Here are some photos of the process so far, the old heater and softener, the new heater and new gas line
More photos, the new water softener is in, gas line is in and new vent is being run through the attic. The old water heater is fighting to stay in place, but is just about out right now too:
And more pix – the empty space where the old hot water heater was, the new one mounted up and the new venting on our roof – it’s pretty cool, the unit pulls in outside air through the same duct that exhausts it too!
Yeah, we now have ‘softened’ hot water that never runs out! The heater is quieter than I thought it would be, I guess they ‘groan’ more when they are installed in crawl spaces and the vent requires several 90 degree bends. I’ll be giving my daughter a bath in a little bit so we’ll see how this works for that, but running faucets and a shower all at the same time worked great!
My wife gives me a (probably well deserved) rough time about how I tend to bring my digital life with me when we’re on vacation. This has come in handy, like when I was able to pull up New York transit maps and directions up via Google Maps on our trip to NYC earlier this month, although I almost wish I’d known about this Android App. However, I know that there are definitely plenty of other times when my wife wishes I’d left my smartphone and/or laptop at home.
Now, I’m glad to know that I’m not the only one who brings their tech with them, because according to this article, “Most Vacationers Stay Connected To Internet, Digital, Social Media” on MediaPost:
“No matter where vacationers migrate this summer, chances are slim that they will completely disconnect from digital media and communications.Indeed, 72.2% travelers in 2010 say they accessed the Internet, email or social media sites while on their last vacation, according to a new study from ad network Burst Media.
That represents a significant jump from 2009, when three out of five — 63.3% — travelers admitted to using the Internet while on vacation.
Men are more likely to go online while away — 76.2% — than women — 67.7%.
With this greater level of connectivity on vacation, what are most of these people using the web for on their vacations? Keeping in touch with friends and family is first (my guess is this is a lot of showing off the great trip Facebook photos), followed by finding information on the local destination, then came news and sports sites and finally was checking in at the office. I believe that this shows that there is a very real and quickly increasing demand for information that travelers can use once they’ve reached a destination, like the Google Maps and MTA app I mentioned earlier. What are some ways that ski resorts can develop web content/services that cater to visitors once they’ve arrived at the resort? Are there any good examples out there? Personally, I’d love to see something along the lines of the MTA app – simple and useful!
Photo: Guilty! This is me being way too connected at work (kind of looks like vacation though).
One of the things I love about being in marketing at a ski resort is that we have an incredible resource to tap: the passion of our customers. This isn’t true of many industries, but in sports it’s often something that a brand can really get some great mileage out of if done right. Here’s an extremely well executed example of a brand taping deep into that passion:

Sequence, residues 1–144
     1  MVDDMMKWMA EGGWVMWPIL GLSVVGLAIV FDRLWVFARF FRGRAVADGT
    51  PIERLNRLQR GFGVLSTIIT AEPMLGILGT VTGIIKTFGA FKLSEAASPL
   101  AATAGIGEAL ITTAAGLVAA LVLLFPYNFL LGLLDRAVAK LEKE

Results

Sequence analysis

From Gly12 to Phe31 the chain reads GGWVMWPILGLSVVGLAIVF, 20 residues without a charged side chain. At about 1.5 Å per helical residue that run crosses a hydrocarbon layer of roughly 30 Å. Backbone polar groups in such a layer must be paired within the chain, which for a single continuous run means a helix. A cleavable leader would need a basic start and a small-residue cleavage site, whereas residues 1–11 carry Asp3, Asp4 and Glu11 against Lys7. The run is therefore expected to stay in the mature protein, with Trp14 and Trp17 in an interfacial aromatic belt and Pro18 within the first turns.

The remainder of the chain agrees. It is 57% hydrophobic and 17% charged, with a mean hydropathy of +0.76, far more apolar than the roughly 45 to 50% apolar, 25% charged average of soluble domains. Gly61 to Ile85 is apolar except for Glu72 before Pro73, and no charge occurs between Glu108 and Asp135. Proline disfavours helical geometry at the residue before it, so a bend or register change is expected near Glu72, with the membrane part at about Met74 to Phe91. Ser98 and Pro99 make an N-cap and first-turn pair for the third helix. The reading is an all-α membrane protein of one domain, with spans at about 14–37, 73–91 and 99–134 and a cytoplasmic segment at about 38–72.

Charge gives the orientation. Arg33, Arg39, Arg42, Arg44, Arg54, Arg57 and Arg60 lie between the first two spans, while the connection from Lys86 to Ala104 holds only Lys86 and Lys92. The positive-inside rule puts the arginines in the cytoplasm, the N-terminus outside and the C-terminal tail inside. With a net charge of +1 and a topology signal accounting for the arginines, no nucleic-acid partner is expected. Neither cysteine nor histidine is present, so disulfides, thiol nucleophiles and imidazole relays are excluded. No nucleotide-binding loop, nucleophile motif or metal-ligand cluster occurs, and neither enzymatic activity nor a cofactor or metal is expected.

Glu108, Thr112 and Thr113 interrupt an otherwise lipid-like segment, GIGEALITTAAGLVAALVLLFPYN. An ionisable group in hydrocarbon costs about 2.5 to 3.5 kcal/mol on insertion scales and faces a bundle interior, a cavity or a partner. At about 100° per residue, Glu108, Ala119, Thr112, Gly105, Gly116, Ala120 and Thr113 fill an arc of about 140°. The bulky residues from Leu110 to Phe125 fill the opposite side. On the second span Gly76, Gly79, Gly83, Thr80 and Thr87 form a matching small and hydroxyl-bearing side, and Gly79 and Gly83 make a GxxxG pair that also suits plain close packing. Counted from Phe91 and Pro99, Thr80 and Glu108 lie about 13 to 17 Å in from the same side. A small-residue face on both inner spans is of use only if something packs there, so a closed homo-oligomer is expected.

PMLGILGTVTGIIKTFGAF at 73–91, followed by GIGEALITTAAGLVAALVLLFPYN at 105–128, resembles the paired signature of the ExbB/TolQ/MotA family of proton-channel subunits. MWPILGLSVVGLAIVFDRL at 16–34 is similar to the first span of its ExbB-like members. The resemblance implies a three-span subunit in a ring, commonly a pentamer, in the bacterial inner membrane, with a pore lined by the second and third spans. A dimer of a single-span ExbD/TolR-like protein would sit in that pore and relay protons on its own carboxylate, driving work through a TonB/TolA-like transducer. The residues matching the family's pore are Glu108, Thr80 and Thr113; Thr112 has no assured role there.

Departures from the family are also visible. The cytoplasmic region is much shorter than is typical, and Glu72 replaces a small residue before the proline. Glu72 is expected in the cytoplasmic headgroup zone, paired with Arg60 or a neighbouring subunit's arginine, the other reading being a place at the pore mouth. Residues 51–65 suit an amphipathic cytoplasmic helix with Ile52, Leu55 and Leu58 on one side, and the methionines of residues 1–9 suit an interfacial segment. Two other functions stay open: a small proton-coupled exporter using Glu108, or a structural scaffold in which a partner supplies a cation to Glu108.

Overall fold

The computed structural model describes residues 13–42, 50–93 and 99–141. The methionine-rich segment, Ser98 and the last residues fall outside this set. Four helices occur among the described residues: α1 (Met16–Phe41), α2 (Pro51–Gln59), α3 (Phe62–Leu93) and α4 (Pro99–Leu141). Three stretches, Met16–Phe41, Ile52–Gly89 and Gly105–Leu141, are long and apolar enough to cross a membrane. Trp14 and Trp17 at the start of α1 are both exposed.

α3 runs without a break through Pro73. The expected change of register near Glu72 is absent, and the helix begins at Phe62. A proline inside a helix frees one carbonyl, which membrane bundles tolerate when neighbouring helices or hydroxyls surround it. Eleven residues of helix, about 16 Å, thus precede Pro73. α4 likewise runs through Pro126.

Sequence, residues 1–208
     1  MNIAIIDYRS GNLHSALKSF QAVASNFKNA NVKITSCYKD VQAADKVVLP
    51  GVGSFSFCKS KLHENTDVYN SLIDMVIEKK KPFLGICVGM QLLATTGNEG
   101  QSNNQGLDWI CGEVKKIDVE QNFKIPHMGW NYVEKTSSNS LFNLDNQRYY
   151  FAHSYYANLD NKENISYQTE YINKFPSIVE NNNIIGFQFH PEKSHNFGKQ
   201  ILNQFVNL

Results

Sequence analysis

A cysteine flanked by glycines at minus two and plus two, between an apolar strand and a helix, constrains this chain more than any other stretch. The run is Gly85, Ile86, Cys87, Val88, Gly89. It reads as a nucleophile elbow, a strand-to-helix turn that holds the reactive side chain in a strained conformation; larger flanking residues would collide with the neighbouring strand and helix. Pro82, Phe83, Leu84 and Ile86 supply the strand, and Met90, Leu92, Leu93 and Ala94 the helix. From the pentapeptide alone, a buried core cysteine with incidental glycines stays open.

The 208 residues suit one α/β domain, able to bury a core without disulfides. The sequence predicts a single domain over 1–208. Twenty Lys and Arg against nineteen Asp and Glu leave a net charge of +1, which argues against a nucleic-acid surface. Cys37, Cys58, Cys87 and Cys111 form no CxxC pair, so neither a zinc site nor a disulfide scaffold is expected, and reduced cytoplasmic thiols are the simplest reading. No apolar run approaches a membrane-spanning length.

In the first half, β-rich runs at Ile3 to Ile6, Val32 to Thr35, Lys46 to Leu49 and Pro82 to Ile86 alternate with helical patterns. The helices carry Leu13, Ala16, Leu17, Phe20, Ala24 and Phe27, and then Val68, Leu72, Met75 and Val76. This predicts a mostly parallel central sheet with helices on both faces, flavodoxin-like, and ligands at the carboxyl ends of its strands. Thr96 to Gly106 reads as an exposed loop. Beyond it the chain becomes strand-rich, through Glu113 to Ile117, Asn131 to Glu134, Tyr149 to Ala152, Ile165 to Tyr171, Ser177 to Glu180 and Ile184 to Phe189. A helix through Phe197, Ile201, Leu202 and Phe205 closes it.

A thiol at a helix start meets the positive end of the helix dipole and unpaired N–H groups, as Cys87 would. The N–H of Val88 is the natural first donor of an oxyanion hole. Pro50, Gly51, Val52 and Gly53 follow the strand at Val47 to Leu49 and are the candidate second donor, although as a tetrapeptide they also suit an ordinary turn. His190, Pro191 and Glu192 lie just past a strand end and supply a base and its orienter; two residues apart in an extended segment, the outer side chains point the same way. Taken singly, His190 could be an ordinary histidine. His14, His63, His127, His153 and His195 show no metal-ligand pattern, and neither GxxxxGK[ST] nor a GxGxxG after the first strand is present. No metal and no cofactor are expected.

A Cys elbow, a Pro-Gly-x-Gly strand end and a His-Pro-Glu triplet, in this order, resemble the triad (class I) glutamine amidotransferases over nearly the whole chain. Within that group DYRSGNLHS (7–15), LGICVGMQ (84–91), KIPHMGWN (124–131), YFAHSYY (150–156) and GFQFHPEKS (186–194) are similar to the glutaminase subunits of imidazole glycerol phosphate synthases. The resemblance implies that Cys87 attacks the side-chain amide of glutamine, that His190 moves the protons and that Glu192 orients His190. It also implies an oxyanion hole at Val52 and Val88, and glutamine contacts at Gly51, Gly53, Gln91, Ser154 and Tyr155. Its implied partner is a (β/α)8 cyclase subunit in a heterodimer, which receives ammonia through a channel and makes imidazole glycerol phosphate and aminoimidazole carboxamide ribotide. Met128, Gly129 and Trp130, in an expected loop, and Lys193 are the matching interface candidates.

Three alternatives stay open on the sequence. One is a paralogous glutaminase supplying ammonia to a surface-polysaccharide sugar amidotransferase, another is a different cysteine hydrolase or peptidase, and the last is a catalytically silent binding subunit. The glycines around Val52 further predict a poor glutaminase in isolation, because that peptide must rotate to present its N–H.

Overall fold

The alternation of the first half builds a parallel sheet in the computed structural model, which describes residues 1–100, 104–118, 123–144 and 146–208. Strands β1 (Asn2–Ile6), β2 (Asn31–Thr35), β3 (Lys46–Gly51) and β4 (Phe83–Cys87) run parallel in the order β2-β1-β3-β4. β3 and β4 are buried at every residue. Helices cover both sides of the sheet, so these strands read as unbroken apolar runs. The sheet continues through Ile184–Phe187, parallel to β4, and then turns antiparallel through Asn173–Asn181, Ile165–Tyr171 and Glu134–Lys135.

This makes me drool drool for the once every four year spectacle that is the World Cup – even though I’m a red-blooded American who lives for Football, Baseball, Hockey and Basketball. How can ski resorts capture some of this passion? After all the Winter Olympics were just a few short months ago…
Sam Rufo, one of the authors of Ski Area Management magazine’s article on the Best/Worst Advertising of 2010, was kind enough to volunteer to ‘guest host’ this past week’s #mrktchat Twitterchat. For anyone who isn’t familiar with what a TwitterChat is, please take a quick read of Sam’s excellent description on her blog post, “TwitterChat 101“. We had a good discussion about the ratings, but to some extent I think we just glossed the edges a bit, in that we never really delved very deeply into what the article.
I don’t want to get into the debate of what a best/worst list is all about, after all everyone seems to do them (note, the image is just for an example, I’m not a reader of Star’s 55 Best and Worst Beach Bodies!). The article had a lot of positive and negative things to say about a variety of resort marketing efforts and called out a number of trends:
After combing through this season’s ski area ads in print, broadcast and online sources, SAM found standout campaigns in all channels, as well as some ho-hummers. We looked at branding, messaging and consumer response, and some of the most powerful advertising still derives from print and broadcast media. Creativity knows no boundaries.
Resorts that had a clear understanding of their customer demographics and the audience for each medium were able to engage, inspire and attract followers. But beyond showcasing deep powder, scenic vistas and après-ski activities, more areas are exploring their inner selves—their “social brand”—and these efforts often produced the most memorable and compelling messages.
Resorts express their personalities in a variety of ways: profiling the people who work there, showcasing the lifestyle of the locals, and using major events, from town festivals to snowboard competitions. Social media add a new strategy: letting your customers define the place in their own words and images. This creates a human connection with undeniable authenticity.
This all sounds great, but it doesn’t fully address the biggest thing advertising is about – accomplishing strategic goals and objectives. If a resort is just trying to drive database growth, then I’d say Mountain High did well with 20k plus acquisitions; even then, are these really consumers that will spent or will spend money at that resort or just a bunch of freeloaders that signed up for a contest? It’s awful hard to say one way or another as an outsider looking in.